Seeing the Big (3-D Mammogram and Ultrasound) Picture

I brought a good book with me to the follow-up mammogram. Follow-up mammograms by definition are more worry-making than regular ones. You are there because something funky was going on, something needed a closer look. (FYI, the book I just had to keep reading was the forthcoming Be Frank With Me by Julia Claiborne Johnson (February 2016).)

I was doing a very good job of not freaking out. I had had a 3-D mammogram for the first time last week, and although my doctor had said they usually necessitate fewer follow ups, this one did. So what? I always think I’m special. So why should my breast tissue be common? Besides, I knew that whatever was or wasn’t there would be there or not there regardless if I freaked out in advance. If there was trouble brewing, I’d do plenty of freaking once I knew.

A nice technician named Fuschia led me to the changing room. It was the first cold Fall day, naturally, but the gown was a soft flannel. Nice touch. The facilities at St. John’s could almost be mistaken for a spa.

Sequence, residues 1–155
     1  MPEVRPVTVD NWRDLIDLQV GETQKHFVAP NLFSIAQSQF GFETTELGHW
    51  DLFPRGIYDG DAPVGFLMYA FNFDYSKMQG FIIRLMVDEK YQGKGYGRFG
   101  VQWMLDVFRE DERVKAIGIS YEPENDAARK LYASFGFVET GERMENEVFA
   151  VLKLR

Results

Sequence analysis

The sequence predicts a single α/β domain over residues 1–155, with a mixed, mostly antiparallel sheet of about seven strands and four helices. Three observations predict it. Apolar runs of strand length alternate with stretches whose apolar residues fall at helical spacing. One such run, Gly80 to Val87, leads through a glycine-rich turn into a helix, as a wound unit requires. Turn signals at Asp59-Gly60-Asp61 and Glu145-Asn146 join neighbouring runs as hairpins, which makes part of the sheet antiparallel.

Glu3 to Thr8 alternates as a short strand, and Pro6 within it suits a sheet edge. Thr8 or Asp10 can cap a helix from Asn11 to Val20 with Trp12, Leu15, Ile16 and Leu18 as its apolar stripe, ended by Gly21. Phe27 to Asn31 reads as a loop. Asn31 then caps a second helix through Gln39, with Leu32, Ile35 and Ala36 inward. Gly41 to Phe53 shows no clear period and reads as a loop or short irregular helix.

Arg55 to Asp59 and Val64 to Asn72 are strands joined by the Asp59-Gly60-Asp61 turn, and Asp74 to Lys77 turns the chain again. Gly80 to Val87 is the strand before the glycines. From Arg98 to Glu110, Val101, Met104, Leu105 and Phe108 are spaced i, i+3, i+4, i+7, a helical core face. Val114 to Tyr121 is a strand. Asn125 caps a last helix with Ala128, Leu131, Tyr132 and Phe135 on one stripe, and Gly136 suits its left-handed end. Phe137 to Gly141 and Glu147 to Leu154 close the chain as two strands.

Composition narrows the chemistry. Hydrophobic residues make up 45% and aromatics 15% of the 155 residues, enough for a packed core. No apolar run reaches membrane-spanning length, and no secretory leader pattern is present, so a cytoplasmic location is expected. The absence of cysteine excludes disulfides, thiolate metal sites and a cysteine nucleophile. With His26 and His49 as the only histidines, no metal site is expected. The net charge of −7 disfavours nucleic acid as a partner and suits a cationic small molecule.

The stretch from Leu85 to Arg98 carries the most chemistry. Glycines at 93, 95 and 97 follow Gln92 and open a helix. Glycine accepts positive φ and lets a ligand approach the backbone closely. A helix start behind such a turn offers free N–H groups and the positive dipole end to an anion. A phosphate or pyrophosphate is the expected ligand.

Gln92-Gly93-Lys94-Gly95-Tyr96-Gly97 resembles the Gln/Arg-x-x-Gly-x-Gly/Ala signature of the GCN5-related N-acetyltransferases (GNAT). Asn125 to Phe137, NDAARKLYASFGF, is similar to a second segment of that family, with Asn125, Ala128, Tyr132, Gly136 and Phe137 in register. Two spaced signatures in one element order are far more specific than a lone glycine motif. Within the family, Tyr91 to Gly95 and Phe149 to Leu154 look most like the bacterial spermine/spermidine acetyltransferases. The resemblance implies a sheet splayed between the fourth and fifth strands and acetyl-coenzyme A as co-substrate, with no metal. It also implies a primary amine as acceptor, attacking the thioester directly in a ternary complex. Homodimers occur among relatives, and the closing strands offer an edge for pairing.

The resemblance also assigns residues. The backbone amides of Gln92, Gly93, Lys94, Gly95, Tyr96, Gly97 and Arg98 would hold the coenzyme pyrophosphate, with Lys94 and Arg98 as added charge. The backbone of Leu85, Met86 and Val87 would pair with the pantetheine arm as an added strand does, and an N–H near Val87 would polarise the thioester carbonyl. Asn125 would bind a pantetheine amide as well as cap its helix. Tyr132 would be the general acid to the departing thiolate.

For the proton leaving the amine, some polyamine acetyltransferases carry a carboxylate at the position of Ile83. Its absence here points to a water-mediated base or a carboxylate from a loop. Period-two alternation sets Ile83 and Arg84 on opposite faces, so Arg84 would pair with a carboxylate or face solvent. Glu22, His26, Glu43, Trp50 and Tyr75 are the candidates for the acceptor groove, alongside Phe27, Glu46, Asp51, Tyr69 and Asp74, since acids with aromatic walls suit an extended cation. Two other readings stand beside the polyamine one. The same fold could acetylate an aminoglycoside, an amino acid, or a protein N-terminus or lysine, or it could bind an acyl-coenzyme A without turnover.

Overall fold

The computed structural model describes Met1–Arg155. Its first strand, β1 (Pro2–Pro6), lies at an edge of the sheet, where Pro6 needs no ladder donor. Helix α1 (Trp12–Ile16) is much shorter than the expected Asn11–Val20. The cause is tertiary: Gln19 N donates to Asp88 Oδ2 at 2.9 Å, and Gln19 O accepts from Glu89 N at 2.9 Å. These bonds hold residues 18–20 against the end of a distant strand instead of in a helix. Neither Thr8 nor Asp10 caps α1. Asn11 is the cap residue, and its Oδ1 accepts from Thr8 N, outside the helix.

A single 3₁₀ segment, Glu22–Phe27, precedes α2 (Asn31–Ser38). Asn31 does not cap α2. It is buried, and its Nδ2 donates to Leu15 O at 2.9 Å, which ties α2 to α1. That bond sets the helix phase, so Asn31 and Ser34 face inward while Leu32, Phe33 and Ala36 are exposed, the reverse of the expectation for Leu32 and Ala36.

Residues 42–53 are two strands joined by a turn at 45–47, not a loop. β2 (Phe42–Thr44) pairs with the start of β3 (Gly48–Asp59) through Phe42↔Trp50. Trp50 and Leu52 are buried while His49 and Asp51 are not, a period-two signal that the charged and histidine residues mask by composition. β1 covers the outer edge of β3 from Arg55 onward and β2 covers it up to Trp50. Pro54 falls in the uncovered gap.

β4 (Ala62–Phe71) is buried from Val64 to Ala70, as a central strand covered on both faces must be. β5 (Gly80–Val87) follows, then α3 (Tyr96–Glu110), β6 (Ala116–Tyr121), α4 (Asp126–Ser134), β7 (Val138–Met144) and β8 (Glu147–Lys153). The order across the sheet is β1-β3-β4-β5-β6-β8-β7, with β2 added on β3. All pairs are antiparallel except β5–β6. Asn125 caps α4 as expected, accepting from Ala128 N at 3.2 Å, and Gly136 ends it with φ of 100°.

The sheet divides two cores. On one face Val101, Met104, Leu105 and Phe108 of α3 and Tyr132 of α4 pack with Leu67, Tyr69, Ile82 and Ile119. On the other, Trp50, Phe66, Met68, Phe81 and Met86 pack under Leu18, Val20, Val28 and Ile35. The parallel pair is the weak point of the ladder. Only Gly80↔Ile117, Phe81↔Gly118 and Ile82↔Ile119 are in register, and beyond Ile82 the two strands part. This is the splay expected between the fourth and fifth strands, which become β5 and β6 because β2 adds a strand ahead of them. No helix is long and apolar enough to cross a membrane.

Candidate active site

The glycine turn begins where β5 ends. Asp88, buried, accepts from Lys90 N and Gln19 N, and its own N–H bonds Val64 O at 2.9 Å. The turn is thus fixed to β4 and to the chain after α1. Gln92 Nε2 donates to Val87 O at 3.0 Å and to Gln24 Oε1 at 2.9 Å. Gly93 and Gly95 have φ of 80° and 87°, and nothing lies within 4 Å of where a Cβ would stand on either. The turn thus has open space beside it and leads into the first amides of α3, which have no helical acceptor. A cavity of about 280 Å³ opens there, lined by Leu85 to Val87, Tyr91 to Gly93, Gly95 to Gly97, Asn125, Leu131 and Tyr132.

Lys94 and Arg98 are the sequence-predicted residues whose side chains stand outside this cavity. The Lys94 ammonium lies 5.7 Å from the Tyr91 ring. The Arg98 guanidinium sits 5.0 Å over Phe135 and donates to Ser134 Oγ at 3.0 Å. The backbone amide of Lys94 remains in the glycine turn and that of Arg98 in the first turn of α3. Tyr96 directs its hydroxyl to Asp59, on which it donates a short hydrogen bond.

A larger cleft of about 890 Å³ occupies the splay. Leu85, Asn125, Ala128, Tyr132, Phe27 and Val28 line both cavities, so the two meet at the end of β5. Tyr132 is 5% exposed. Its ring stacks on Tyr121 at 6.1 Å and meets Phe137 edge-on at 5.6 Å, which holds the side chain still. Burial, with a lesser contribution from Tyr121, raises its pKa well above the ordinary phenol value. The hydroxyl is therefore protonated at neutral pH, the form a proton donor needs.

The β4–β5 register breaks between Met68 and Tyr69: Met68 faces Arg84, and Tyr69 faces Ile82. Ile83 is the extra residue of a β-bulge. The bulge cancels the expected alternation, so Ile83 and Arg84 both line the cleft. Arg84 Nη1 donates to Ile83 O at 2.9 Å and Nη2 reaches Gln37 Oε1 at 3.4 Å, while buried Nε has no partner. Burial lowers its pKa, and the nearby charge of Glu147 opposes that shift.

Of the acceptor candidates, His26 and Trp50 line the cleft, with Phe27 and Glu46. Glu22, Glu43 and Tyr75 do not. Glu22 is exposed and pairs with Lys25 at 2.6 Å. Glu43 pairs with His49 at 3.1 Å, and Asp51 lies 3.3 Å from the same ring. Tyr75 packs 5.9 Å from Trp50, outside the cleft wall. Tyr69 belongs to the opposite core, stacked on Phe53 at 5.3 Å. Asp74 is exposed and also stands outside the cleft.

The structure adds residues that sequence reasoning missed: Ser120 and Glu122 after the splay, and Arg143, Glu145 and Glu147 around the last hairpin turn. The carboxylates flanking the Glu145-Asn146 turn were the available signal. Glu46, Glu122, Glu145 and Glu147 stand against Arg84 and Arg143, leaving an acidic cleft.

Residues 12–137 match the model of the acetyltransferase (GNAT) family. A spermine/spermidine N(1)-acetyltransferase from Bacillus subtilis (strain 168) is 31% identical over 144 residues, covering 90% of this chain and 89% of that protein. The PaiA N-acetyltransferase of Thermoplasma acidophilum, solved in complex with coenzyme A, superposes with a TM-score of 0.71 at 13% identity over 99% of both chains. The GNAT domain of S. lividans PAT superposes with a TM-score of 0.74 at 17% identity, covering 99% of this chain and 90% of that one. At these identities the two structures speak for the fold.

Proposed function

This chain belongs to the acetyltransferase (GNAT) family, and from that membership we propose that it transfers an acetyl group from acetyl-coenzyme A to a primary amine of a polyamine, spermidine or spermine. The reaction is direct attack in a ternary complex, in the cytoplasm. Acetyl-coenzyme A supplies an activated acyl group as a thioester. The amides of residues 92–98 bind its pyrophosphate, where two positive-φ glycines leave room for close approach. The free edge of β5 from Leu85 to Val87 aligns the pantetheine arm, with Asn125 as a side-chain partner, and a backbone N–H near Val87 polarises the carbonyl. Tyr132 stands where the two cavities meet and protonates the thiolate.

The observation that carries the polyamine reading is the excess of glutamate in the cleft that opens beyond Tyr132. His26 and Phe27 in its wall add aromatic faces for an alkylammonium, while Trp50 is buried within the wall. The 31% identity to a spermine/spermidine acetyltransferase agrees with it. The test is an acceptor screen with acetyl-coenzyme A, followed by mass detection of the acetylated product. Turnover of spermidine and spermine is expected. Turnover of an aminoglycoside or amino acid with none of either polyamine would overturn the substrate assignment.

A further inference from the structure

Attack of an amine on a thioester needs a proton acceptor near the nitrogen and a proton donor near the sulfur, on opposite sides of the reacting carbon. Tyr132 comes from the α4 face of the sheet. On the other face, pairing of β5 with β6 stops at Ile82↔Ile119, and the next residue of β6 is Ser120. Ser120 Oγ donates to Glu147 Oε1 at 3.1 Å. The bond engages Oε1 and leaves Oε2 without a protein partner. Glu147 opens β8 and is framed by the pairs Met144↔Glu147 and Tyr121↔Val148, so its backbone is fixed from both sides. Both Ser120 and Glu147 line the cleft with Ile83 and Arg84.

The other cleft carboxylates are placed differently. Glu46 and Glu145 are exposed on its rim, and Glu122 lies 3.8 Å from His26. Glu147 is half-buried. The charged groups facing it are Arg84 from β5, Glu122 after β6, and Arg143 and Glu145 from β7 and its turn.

Almost, but not quite. She led me to the exam room. Brace yourself. At a follow-up mammogram they really really really squeeze the breast tissue as flat as they can to make sure that whatever they might have seen in the first picture is just breast tissue, or something that cannot be squeezed out of the picture. The spa feeling was gone. (I take that back — I once had a sports massage that was much more painful, and lasted longer).

After the mammogram they did an ultrasound, just to be extra sure. I hadn’t had one since I was pregnant. “Is it a boy or a girl?” I asked. “Everything looks good,” Fuschia replied. The doctor came in and looked, too. They said “see you next year” and I got dressed, paid for parking, and left. I had a day.

Last night my son awoke me with “I had the worst nightmare. You and Dad died.” He climbed into bed and we had the rarest kind of hug: one that he needed.

Here I am, a day later, yesterday’s appointment almost forgotten. And I stop myself, say “Pay attention.” Today could feel quite different. That mammogram could have set me on a different future. So I look at what I normally forget to see: Today, with all its potential for petty aggravations, for mindless running, for holding grudges, is a gift that I do not “deserve.” No day is earned.

Every day is bonus.

Life — even the longest — is too short. Love deeply. Forgive freely. Hug often. Savor mundane details. Play your music loud.

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